Giving Birth with Aromatherapy (Part 1)
The Spanish have a lovely term to encapsulate giving birth. "Dar a luz" meaning to bring to the light (literally "give") conjures up this wonderful image of a newborn baby being pushed into the world. If you have been considering a natural birth then the use of aromatherapy might have crossed your mind. But before putting any of this into your birth plan, you must check with your midwife that he/she is happy to allow it. Also, before you start, use the oils cautiously. They have a strong effect on the mind and body but if excessive amounts are used, can have a different effect from the one anticipated.
There are some oils which can assist you during labour.
Rose otto (rosa damascena), also known as rose damask or Bulgarian rose has many recognised actions on the body and is a favourite with aromatherapists for use on females in general. Physiologically, it balances the hormones, calms the nerves and has a strong affinity with the female reproductive system. It is to be avoided during the 1st and 2nd trimesters because of its emmanagogue action (bringing on menstruation) but, if your pregnancy is progressing well AND your midwife agrees to it, you may use it during the 3rd trimester. Rose otto aids elasticity and, blended in a carrier oil, can be massaged into the perineum in the last few weeks. The same action can be performed during labour. Rose otto is also good for strengthening the womb and the Braxton Hicks contractions. (I can only think you would want the latter to give you good practice for the real thing!) The down side is that rose otto is a very expensive oil. Expect to pay well over £20 for a 2.5ml bottle. Bulgarian rose is usually the most expensive since it is considered superior for its perfume. Cabbaage rose (rosa centifolia), also known as rose maroc or rose de mai, is a slightly cheaper alternative to rose otto. There is very little difference between the two in terms of therapeutic indications. That said, cabbage rose is harder to find and I have no price for it myself as I never use this oil.
Clary sage (salvia sclarea), one of the oils you are strongly advised to stay away from during your pregnancy, can be extremely beneficial to you on the big day. It has a narcotic effect and can be used either blended into a carrier oil which your birth partner massages into your lower back or in a warm compress pushed onto the lower abdomen or lower back, basically where it hurts most. Another way to use it is to dap a couple of drops onto a face pad or tissue to hold to your nose/mouth when you need some relief. A good combination is clary sage with rose oil. This might be a substitute for gas and air. Just before you feel a contraction coming, breathe in deeply from your face pad, then after the contraction has passed, breathe in gently and rhythmically from the face pad.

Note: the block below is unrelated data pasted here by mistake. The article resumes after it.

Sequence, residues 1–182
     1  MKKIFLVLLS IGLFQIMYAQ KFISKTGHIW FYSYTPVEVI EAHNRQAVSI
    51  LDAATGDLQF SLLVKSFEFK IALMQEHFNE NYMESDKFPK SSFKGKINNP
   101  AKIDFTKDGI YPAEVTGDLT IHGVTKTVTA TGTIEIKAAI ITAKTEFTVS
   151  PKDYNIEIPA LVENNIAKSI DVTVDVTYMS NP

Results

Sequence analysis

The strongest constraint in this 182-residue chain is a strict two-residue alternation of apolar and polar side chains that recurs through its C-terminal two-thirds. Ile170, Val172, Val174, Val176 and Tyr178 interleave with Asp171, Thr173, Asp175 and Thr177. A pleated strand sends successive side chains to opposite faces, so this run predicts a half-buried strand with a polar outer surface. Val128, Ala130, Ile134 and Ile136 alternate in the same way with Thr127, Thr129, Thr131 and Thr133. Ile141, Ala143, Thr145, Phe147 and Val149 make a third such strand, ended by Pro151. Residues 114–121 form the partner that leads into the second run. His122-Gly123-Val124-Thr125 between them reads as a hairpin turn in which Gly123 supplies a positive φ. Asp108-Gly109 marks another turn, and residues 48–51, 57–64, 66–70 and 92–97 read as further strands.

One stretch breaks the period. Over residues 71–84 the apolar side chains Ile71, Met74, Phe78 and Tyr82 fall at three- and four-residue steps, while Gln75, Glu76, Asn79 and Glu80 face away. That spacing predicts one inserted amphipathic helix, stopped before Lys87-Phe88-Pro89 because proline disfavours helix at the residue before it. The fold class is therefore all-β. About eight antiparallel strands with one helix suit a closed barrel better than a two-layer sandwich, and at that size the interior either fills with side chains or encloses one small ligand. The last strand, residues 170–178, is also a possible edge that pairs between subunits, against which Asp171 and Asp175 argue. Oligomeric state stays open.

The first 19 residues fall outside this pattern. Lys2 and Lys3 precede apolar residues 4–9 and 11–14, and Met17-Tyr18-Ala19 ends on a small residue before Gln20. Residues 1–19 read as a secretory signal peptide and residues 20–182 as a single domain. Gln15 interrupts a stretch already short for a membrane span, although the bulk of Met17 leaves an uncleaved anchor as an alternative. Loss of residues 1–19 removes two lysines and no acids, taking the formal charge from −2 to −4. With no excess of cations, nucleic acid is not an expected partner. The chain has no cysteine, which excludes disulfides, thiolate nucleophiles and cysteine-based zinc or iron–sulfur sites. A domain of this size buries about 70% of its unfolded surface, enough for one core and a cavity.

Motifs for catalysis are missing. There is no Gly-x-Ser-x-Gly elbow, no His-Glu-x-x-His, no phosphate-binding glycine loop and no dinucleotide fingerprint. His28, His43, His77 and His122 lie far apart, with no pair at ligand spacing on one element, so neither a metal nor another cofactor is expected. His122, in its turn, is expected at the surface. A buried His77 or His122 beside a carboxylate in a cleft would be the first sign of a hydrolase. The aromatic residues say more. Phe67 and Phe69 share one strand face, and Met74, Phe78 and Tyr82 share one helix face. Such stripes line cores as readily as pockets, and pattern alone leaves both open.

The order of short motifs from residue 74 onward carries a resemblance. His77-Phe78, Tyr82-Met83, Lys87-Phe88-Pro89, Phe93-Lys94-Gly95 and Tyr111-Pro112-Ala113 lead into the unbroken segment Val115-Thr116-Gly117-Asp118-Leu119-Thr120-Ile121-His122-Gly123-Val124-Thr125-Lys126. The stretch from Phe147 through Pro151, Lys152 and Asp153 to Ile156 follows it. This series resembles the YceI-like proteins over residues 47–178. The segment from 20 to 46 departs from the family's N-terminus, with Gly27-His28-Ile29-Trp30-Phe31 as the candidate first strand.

Jasmine oil ( jasminum officinale) is a heavy, strongly scented oil and, for that reason should be used in small amounts. Another expensive oil though not as much as rose otto, this can be useful at the final stage of labour where there is no risk to the baby and you want the baby to move out. It helps to calm the labour pains, but more than that, it can help with expulsion of the placenta.
A fourth oil which can be an aid to childbirth is lavender (lavandula angustifolia). This has mild sedative properties (although I found it to be heavily sedative when I was pregnant), it is a relaxant and it stimulates uterine contractions. From a study done in the midwifery group at the Ipswich Hospital in 1992, a lavender bath is recommended where 3-5 drops of lavender oil are dropped into a bath of water. The water is agitated to circulate the oil, which will evaporate within 15-20 minutes. The only safety precaution here is that there is potential access to the foetus but this depends on when during the labour you take the bath. If you anticipate a water birth and want to use oils in the water, neat oils can cause corneal ulceration to the baby. I would advise that you ensure the oil is mixed in with a little carrier oil or milk before dispersing in water. Use up to 7 drops in two teaspoons of oil or milk.